Enjoy the Game

If I don’t get this second tennis serve in, my partner and I will lose the game. I’ve double-faulted once before, so I need to focus. Really focus.

I tighten up, clench the racket, and toss the ball. I bring my racket down. Wham! 

My serve lands outside the box. Double fault. Way to lose the game, I grumble to myself.

Head bowed, I force myself to meet the three others at the net for the “Nice games” comments. As we touch rackets, I rewind to all my losing shots. If only I would have run faster and gotten to that lob sooner. If only I hadn’t given my opponent that wimpy return at the net. If only I had followed through on my backhand …

My partner and I stay on the “loser” court and two new players greet us. My new partner asks, “How’s your game going?”

I’m tempted to answer lousy, but my uptight, negative thinking hadn’t helped my serving, so I readjust. “We had some nice long rallies.”

“That’s what counts. Let’s have fun.”

One of my new opponent’s shots is short and just clears the net. I sprint, get there, and return it. Her partner sends it rocketing back toward me. But I have my racket in position, and, trusting my body knows what to do, hit the ball so it angles away from both players.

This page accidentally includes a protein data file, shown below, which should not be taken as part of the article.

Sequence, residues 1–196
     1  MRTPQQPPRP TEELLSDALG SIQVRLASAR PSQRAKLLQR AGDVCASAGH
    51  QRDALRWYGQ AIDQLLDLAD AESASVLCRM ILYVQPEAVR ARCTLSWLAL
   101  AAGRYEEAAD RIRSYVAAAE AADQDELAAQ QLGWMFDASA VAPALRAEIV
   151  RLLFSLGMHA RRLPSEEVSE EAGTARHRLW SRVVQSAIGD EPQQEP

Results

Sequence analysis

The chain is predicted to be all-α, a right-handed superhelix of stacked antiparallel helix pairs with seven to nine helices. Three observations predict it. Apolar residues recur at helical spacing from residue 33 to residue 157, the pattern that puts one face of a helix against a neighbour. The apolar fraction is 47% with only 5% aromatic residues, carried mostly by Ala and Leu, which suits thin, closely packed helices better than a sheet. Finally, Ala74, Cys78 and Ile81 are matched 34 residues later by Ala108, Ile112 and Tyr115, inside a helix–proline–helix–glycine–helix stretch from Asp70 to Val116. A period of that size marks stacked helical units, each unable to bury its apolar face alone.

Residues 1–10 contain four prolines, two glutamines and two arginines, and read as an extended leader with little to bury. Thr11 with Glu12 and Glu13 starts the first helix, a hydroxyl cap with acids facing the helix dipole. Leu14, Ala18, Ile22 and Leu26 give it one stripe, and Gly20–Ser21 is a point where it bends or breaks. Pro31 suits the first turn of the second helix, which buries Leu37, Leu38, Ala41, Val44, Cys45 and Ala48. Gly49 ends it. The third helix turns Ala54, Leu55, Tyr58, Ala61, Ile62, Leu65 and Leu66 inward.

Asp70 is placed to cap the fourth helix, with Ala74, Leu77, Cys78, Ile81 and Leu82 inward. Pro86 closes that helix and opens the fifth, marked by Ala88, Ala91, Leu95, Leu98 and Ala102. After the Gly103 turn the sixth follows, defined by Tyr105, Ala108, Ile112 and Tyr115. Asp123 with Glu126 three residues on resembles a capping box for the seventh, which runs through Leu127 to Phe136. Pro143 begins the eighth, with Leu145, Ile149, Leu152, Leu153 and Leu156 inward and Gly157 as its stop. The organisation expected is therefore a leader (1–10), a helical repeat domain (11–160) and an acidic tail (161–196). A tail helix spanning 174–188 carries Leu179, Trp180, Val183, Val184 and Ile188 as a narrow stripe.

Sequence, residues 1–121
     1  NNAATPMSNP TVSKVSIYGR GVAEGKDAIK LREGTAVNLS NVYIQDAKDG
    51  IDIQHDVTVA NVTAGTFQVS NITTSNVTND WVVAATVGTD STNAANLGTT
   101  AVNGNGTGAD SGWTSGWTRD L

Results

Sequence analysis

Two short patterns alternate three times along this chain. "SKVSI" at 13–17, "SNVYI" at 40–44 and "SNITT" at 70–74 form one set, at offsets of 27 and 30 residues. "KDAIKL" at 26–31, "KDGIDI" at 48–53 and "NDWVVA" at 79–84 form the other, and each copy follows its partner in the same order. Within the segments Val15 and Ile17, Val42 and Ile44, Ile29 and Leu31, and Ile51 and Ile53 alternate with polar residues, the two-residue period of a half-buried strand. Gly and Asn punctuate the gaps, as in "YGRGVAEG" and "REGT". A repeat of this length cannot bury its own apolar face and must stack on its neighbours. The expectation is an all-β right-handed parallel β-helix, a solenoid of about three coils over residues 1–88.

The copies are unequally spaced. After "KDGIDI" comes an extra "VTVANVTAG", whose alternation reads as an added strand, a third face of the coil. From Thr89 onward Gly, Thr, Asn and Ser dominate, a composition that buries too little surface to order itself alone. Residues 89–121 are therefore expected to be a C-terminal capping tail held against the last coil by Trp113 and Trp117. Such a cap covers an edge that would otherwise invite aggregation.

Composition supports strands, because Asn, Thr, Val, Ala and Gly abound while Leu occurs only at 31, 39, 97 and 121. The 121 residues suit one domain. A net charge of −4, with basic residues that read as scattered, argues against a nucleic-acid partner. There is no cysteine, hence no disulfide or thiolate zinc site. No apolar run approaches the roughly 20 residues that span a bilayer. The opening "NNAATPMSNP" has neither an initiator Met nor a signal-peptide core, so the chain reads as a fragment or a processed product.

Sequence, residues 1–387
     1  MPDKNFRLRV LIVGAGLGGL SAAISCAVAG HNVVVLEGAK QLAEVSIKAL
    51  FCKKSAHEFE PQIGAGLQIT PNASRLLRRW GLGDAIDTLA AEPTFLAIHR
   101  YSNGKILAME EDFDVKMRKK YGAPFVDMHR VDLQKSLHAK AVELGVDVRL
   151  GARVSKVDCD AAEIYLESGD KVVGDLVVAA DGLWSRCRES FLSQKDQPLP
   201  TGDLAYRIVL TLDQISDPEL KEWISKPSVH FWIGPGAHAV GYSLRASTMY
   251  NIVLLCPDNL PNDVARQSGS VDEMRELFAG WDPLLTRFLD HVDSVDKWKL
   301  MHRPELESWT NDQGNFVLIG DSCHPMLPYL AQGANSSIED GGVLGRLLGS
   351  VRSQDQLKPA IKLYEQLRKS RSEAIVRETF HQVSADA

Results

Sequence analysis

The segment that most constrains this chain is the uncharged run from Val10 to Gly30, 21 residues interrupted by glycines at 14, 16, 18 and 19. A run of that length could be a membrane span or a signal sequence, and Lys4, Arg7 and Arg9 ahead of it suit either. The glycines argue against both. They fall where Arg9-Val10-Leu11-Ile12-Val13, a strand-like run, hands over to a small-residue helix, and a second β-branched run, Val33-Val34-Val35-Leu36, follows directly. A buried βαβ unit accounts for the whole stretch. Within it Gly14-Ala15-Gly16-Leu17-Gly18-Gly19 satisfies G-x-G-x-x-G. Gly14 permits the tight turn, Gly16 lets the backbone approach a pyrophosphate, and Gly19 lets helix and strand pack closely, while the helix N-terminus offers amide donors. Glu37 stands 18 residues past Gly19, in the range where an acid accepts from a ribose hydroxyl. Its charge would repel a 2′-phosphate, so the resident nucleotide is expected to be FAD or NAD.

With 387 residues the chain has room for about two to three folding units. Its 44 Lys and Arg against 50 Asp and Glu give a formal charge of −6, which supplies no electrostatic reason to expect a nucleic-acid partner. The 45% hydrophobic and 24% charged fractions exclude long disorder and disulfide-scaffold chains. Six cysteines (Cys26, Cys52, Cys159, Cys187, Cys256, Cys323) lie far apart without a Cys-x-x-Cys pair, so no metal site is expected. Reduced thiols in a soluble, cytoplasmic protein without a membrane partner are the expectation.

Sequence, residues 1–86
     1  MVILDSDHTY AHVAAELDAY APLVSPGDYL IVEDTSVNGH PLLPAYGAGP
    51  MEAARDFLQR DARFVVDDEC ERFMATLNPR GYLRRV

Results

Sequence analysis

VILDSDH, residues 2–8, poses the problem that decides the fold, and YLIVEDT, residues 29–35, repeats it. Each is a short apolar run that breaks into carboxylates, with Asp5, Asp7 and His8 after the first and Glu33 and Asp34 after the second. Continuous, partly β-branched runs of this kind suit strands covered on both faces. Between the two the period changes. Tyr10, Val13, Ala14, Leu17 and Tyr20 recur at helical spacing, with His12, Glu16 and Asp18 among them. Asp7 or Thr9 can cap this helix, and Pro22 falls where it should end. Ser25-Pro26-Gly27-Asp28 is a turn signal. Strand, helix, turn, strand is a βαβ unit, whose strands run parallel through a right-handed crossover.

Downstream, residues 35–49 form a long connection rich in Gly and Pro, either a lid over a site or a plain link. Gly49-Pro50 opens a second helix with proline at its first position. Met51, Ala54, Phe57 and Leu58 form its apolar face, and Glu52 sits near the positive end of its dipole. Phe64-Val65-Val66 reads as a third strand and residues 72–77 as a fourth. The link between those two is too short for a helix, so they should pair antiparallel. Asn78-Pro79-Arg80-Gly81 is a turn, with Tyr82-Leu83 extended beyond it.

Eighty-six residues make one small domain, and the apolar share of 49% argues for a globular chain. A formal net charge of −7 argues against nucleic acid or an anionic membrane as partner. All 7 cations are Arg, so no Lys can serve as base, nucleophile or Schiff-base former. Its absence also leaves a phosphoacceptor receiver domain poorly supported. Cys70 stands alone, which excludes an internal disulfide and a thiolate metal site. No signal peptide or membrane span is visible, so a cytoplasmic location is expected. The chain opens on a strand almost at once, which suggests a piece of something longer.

I remember advice from W. Timothy Gallwey’s book “The Inner Game of Tennis” and continue to adjust my attitude and just let it happen. I savor all my good shots, and those of the other three players too. My encouraging teammate and I delight in her perfectly placed lob, my powerful return to an opponent’s backhand, her cleverly placed alley shot, and my short dribble over the net. We have fun.

I replace judgment and worry with trying to guess an opponent’s strategy, helping my teammate, and I find pleasure in what could be called mindfulness since I focus only on the game. 

I delight in the swish of dynamite serves; the twang of our well-hit ground shots and lobs; and the ping of good net play. I’m in perfect contentment when I hit the ball on my racket’s sweet spot. I make errors, but I simply brush them off and trust I’ll perform differently next time. I concentrate, but my mind is quiet and I’m relaxed. I picture myself succeeding by serving aces, getting to the ball in time, lobbing over my opponent’s head, and being a champion at the net. 

I don’t think about past mistakes or what will happen if I win or lose. I welcome every challenge. 

The lesson I learn carries over to the rest of my day. I picture myself as a gourmet chef and choose ingredients for a red wine beef stew. I challenge myself to make the grumpy store clerk smile and am delighted when she does. On my trip home, I let a driver into traffic and am rewarded with a friendly wave. I focus on my good shots, delight in challenges, and enjoy the game.

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